University of Hertfordshire

By the same authors

Documents

  • Wei Shen Tan
  • Ranjan Arianayagam
  • Pramit Khetrapal
  • Edward Rowe
  • Samantha Kearley
  • Ahmed Mahrous
  • Raj Pal
  • William Fowler
  • Rakesh Heer
  • Mohamed Elajnaf
  • Jayne Douglas-Moore
  • TR Leyshon Griffiths
  • James Voss
  • Daniel Wilby
  • Omar Al Kadhi
  • Jonathan Noel
  • Alastair McKay
  • Imran Ahmad
  • Islam Abu-Nayla
  • Benjamin Lamb
  • George T Hill
  • Krishna Narahari
  • Howard Kynaston
  • Arzu Yousuf
  • Venkata RM Kusuma
  • Joanne Cresswell
  • Pete Cooke
  • Aniruddha Chakravarti
  • Ravi Barod
  • Axel Bex
  • John D Kelly
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Original languageEnglish
Pages (from-to)39-43
Number of pages5
JournalEuropean Urology Open Science
Volume25
Early online date9 Jan 2021
DOIs
Publication statusPublished - Mar 2021

Abstract

COVID-19 has resulted in the deferral of major surgery for genitourinary (GU) cancers with the exception of cancers with a high risk of progression. We report outcomes for major GU cancer operations, namely radical prostatectomy (RP), radical cystectomy (RC), radical nephrectomy (RN), partial nephrectomy (PN), and nephroureterectomy performed at 13 major GU cancer centres across the UK between March 1 and May 5, 2020. A total of 598 such operations were performed. Four patients (0.7%) developed COVID-19 postoperatively. There was no COVID-19–related mortality at 30 d. A minimally invasive approach was used in 499 cases (83.4%). A total of 228 cases (38.1%) were described as training procedures. Training case status was not associated with a higher American Society of Anesthesiologists (ASA) score (p = 0.194) or hospital length of stay (LOS; p > 0.05 for all operation types). The risk of contracting COVID-19 was not associated with longer hospital LOS (p = 0.146), training case status (p = 0.588), higher ASA score (p = 0.295), or type of hospital site (p = 0.303). Our results suggest that major surgery for urological cancers remains safe and training should be encouraged during the ongoing COVID-19 pandemic provided appropriate countermeasures are taken. These real-life data are important for policy-makers and clinicians when counselling patients during the current pandemic. Patient summary: We collected outcome data for major operations for prostate, bladder, and kidney cancers during the COVID-19 pandemic. These surgeries remain safe and training should be encouraged during the ongoing pandemic provided appropriate countermeasures are taken. Our real-life results are important for policy-makers and clinicians when counselling patients during the COVID-19 pandemic.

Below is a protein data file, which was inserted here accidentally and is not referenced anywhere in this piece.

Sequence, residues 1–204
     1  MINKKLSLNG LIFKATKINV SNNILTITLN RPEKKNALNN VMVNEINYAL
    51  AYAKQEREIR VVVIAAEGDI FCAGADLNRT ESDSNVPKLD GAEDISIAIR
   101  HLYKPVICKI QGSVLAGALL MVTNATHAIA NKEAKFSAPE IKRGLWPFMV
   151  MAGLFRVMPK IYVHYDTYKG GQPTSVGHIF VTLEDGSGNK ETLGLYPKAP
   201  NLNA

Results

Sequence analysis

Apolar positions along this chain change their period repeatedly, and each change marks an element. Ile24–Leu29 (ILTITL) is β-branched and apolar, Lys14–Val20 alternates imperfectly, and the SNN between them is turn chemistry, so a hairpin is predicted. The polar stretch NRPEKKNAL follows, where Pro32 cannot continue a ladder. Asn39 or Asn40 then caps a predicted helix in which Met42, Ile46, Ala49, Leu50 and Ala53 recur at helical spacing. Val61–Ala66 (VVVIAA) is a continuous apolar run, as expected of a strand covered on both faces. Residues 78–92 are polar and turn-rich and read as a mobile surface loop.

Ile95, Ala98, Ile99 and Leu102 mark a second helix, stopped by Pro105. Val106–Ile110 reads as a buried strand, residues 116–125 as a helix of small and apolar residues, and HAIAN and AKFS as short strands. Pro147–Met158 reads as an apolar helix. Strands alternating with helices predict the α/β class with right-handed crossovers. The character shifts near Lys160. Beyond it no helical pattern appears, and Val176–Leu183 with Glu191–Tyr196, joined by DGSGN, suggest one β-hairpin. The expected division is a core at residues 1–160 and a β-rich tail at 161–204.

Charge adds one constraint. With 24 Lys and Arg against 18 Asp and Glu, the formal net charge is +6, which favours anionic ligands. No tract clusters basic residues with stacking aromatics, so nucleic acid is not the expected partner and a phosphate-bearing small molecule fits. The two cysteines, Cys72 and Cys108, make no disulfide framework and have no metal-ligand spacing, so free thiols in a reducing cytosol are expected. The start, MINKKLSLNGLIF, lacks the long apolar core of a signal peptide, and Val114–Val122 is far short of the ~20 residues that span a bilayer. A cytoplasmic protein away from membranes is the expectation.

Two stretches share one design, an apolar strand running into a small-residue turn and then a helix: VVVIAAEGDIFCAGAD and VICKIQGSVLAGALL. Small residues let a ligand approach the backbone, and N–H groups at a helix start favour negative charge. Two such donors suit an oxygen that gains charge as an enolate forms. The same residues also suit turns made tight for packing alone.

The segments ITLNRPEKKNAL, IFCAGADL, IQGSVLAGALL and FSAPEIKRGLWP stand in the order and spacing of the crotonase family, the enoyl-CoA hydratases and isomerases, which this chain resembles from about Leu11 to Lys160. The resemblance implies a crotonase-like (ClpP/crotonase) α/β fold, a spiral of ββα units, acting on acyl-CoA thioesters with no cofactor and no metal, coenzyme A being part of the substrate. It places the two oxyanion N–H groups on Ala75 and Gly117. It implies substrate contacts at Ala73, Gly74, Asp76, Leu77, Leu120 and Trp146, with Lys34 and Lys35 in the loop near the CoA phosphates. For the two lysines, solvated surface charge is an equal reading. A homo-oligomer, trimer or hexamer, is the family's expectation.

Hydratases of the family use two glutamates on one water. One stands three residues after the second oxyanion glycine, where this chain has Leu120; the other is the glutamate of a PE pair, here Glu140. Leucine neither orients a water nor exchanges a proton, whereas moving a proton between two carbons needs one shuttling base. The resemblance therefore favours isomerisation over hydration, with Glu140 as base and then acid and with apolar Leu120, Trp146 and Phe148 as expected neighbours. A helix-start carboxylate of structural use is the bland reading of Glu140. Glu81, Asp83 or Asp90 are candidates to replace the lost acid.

Notes

Funding Information: Funding/Support and role of the sponsor: Wei Shen Tan is funded by the Urology Foundation . Publisher Copyright: © 2021 The Author(s) Copyright: Copyright 2021 Elsevier B.V., All rights reserved.

ID: 24344296